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How Are FICO Scores Calculated for Married Couples?

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Calculating Individual Scores

The FICO score is the single most frequently used measure of credit risk in the entire world. It combines several factors to create a single scaled score for each individual between 300 and 850, with the higher numbers signifying better overall credit.

The largest component in the FICO score is delinquent payments. More than one third of the credit rating is determined by whether a borrower has consistently made payments on time, or, if he has late payments, how many scheduled payments have been missed and how late they were made.

The other major factor is how much outstanding debt and available credit is already out versus annual income. Considerations like the types of credit and length of credit history round out the FICO score, which was created by Fair Isaac Corp. in 1956.

 

FICO Scores Calculated

 

Married Couples and FICO

Though in some legal situations a married couple might be considered a single entity, spouses maintain their separate credit scores throughout marriage, just as they must each have a separate Social Security number or driver license.

The formula for calculating your credit score once you’re married does not change, and the actions of your spouse in accounts that are not jointly held will not change your credit rating with FICO.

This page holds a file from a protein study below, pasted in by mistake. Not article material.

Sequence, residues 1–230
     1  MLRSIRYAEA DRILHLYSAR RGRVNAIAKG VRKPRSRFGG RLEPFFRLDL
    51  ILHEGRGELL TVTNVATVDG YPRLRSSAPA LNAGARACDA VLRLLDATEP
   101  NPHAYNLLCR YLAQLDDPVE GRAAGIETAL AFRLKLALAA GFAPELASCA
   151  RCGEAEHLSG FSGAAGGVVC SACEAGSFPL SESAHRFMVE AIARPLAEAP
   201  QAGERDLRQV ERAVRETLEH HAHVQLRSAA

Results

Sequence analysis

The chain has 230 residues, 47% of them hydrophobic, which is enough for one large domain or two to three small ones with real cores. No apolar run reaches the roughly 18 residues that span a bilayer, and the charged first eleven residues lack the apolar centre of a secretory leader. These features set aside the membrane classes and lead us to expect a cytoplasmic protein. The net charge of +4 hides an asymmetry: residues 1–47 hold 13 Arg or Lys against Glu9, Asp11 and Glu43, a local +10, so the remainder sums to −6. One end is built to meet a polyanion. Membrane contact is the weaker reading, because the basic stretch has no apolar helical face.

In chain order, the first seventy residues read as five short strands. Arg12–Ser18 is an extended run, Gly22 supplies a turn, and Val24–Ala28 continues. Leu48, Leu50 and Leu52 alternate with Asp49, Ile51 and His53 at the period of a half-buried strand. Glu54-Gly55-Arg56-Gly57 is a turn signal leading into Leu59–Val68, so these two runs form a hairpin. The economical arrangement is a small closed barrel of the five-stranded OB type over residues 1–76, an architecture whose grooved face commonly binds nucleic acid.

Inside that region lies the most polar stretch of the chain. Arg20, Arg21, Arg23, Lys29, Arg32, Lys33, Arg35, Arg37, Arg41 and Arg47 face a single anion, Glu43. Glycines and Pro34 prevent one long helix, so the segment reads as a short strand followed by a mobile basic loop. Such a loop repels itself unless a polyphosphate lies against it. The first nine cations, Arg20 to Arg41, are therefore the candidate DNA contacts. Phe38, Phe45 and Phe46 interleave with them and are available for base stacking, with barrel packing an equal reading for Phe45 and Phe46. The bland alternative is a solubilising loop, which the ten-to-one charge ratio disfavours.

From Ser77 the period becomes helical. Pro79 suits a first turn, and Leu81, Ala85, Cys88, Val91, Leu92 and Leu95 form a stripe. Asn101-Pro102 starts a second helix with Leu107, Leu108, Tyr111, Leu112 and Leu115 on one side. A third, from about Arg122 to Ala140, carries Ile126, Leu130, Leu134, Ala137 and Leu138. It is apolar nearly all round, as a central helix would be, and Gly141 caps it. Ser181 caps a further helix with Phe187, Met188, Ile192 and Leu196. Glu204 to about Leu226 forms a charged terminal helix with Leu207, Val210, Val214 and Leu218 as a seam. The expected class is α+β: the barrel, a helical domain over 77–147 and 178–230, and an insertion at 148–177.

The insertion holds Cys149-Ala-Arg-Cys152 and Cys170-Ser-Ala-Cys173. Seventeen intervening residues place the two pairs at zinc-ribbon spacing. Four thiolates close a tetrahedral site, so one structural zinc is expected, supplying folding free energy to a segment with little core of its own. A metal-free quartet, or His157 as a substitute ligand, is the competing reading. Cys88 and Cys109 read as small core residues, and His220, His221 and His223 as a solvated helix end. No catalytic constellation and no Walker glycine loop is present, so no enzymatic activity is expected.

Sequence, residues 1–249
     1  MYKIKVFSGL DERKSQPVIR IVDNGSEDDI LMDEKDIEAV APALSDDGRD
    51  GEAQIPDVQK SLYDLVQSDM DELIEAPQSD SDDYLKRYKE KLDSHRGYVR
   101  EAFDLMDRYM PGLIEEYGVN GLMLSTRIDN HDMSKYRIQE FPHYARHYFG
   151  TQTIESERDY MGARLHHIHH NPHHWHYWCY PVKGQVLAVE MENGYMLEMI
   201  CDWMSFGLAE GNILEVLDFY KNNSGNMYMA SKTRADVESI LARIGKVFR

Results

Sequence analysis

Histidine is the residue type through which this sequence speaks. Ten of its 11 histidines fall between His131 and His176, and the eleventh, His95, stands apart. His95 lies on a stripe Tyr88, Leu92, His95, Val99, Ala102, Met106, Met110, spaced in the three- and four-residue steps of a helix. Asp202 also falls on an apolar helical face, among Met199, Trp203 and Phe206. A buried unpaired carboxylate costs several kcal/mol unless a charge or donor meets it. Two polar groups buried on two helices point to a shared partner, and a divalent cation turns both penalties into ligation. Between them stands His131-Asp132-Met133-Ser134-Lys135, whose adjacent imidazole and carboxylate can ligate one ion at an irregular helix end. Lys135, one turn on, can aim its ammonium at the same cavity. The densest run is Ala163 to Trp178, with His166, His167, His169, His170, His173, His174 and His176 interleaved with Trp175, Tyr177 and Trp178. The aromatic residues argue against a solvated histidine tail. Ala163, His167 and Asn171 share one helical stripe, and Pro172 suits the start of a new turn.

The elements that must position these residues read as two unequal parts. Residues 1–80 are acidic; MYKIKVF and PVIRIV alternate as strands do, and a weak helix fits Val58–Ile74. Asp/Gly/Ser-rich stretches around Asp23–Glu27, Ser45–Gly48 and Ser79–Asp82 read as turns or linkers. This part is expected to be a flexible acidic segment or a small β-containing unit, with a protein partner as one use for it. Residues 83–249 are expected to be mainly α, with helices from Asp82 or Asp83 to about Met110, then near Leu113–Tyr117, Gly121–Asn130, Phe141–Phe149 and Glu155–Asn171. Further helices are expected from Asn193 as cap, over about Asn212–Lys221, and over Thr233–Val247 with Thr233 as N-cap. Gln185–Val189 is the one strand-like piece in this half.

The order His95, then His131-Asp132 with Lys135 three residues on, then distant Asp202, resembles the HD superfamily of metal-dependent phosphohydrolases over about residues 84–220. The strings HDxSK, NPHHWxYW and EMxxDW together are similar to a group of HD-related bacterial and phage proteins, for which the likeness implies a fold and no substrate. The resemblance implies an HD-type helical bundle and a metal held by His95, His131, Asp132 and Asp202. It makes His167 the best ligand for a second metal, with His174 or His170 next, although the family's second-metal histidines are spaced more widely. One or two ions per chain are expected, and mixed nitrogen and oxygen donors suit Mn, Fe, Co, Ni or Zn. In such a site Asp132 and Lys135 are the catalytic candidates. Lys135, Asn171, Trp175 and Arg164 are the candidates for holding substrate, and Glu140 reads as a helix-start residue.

For example, if your spouse has a credit card that’s solely in his name, then late payments on that card will not affect your credit score and vice versa. Checks on your spouse’s credit history, such as for a job application, will also not be reflected on your credit report.

 

Considerations for Married Couples

Though both spouses maintain their own separate FICO scores, the spending and borrowing habits of one spouse can certainly affect the other in both direct and indirect ways.

For starters, any major purchase that’s made in both names, such as a house or car, can be serviced by the lender at the lower of the two credit scores, meaning higher interest rates and potentially being turned down for the loan altogether.

The credit score used to determine the terms of a mortgage will be lower than the higher score between the two.

Spouses also tend to have joint credit or bank accounts, and delinquent payments or overdraft fees in these accounts will reflect in the individual FICO scores of both spouses.

 

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